EPA Announces Face-to-Face Meeting to Discuss Proposed Hydraulic Fracturing Study

Author:Ms Susan Cooke, Jonathan H. Flynn and Elizabeth P. Philpott
Profession:McDermott Will & Emery
 
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The Environmental Engineering Committee of EPA's Science Advisory Board will meet on April 7 and 8, 2010, to evaluate the proposed hydraulic fracturing study and to provide advice to the agency on its plans for carrying out the study.

For more than half a century hydraulic fracturing has been used to extract natural gas from coal seams, shale formations and other hard-to-access geologic formations. To enhance production, fluids, such as water with various chemical additives, are injected at high pressure to create and enlarge fractures in rock and coal formations so that oil and gas can travel more freely. As use of this method of extraction has grown, increased concerns have been raised about the amount of water needed to conduct hydraulic fracturing and the potential contamination of water supplies.

In its $32 billion Interior and Environment Appropriations Bill, the U.S. House of Representatives urged the U.S. Environmental Protection Agency (EPA) to assess this risk, utilizing the best available science. EPA has now allocated almost $2 million to conduct a peer-reviewed study of "fracking." On March 18, 2010, it announced that the Environmental Engineering Committee of its Science Advisory Board would meet on April 7 and 8, 2010, to evaluate the proposed hydraulic fracturing study scheduled for completion in 2012 and to provide advice to the agency on its plans for carrying out the study. This meeting is open to the public.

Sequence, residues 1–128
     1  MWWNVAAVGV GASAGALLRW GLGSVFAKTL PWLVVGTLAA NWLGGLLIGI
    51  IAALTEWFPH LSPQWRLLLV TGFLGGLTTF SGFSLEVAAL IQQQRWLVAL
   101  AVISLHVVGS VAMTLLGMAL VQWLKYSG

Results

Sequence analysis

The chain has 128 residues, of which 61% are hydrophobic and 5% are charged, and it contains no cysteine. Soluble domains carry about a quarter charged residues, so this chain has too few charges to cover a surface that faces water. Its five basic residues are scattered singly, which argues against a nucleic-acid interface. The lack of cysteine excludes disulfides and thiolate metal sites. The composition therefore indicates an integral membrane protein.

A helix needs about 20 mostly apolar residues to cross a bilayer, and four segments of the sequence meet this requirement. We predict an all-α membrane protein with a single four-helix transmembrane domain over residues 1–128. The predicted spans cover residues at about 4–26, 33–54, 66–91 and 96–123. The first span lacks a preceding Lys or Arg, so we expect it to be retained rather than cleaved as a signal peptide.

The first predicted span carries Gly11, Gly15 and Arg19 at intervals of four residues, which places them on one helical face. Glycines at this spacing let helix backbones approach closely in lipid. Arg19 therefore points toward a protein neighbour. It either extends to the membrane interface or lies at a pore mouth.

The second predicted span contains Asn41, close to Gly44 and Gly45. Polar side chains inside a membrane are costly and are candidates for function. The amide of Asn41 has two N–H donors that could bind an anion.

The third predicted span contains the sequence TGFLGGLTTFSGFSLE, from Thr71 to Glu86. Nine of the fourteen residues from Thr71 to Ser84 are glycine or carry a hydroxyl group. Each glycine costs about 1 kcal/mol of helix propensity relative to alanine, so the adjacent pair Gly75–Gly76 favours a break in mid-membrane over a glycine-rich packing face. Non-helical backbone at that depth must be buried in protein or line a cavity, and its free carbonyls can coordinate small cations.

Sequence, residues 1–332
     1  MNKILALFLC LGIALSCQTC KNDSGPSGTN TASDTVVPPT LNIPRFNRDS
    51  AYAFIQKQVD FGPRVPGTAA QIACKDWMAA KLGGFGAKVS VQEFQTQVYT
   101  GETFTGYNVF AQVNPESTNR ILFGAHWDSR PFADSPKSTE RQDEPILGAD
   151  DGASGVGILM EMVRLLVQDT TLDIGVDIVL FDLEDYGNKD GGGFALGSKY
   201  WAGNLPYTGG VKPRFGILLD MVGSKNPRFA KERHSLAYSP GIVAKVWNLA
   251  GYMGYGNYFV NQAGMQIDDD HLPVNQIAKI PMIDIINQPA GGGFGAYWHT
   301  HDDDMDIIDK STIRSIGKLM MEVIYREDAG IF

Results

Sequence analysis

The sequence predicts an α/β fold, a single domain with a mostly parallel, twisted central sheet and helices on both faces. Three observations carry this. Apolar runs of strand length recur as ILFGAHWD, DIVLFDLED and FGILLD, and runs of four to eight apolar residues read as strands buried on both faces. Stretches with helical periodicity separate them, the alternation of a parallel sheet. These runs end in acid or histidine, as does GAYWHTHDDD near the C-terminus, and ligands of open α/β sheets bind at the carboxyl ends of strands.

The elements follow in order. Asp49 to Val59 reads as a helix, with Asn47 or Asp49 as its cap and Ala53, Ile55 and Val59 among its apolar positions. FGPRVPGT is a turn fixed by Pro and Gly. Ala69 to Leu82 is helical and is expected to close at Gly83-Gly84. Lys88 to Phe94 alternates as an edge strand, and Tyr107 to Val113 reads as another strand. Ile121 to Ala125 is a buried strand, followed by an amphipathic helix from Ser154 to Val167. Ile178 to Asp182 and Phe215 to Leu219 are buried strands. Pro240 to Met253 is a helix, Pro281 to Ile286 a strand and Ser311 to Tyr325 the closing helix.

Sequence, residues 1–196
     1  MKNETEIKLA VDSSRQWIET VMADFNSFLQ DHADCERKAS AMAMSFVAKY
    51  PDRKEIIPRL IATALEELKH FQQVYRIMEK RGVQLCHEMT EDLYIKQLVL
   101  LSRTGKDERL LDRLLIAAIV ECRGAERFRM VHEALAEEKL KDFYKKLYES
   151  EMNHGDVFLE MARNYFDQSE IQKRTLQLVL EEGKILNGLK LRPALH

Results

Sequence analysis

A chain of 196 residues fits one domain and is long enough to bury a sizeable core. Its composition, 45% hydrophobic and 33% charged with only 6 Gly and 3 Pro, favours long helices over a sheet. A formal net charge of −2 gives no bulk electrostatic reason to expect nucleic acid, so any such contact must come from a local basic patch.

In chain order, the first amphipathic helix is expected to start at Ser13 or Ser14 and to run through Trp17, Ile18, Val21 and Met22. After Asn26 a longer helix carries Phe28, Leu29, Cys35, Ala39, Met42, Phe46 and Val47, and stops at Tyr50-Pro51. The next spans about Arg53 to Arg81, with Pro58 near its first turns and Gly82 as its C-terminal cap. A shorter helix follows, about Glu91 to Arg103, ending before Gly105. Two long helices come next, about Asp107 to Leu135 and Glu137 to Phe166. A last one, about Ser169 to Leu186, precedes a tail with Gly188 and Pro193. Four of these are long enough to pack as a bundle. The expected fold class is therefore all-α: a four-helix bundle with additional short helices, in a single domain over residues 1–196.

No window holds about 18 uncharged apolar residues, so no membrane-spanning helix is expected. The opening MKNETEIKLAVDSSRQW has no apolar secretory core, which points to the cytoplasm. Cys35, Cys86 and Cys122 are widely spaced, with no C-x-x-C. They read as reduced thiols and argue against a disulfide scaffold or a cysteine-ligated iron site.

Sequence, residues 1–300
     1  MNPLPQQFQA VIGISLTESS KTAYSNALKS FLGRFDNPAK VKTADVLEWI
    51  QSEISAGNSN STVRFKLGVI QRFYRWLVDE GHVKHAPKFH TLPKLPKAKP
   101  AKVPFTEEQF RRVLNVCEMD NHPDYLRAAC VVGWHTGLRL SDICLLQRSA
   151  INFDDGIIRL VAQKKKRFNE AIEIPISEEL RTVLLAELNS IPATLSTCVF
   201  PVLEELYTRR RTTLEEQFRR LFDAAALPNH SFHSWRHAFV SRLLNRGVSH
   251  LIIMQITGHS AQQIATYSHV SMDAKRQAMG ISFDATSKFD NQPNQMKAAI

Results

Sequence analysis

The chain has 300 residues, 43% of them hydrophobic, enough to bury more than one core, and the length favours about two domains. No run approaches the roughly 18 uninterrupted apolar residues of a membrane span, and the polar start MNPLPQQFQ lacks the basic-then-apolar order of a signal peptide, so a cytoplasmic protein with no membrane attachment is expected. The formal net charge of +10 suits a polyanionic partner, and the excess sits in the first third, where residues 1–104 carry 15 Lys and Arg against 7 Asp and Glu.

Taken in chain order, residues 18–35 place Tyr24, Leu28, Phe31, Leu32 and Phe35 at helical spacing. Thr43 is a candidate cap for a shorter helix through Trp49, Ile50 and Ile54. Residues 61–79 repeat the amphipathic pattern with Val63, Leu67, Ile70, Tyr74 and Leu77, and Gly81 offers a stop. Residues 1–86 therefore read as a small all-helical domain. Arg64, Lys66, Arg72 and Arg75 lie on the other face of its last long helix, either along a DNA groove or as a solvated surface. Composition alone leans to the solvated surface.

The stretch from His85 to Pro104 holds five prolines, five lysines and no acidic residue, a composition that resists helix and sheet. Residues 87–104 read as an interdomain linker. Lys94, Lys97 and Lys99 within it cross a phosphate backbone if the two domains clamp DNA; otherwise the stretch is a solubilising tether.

EPA's Past Investigation and Regulation of Hydraulic Fracturing

In the 1997 Eleventh Circuit Court decision LEAF v. EPA, 118F. 3d 1467 (11th Cir. 1997), the court ruled that hydraulic fracturing of coalbeds to produce methane gas was a form of underground injection and that Alabama's EPA-approved underground injection control program must regulate this practice in an effective manner. As a result of this decision and of concerns raised by the public and U.S. Congress, EPA decided to evaluate hydraulic fracturing's risk to underground sources of drinking water. EPA's draft study was completed in 2002 and found that this practice posed a minimal threat to underground sources of drinking water. EPA also concluded that no additional studies were warranted. These same conclusions were verified in the final study report published in 2004. However, as a precautionary measure EPA entered into an agreement with the three largest hydraulic fracturing companies to eliminate the use of diesel fuel in fracturing fluids injected into coalbed methane...

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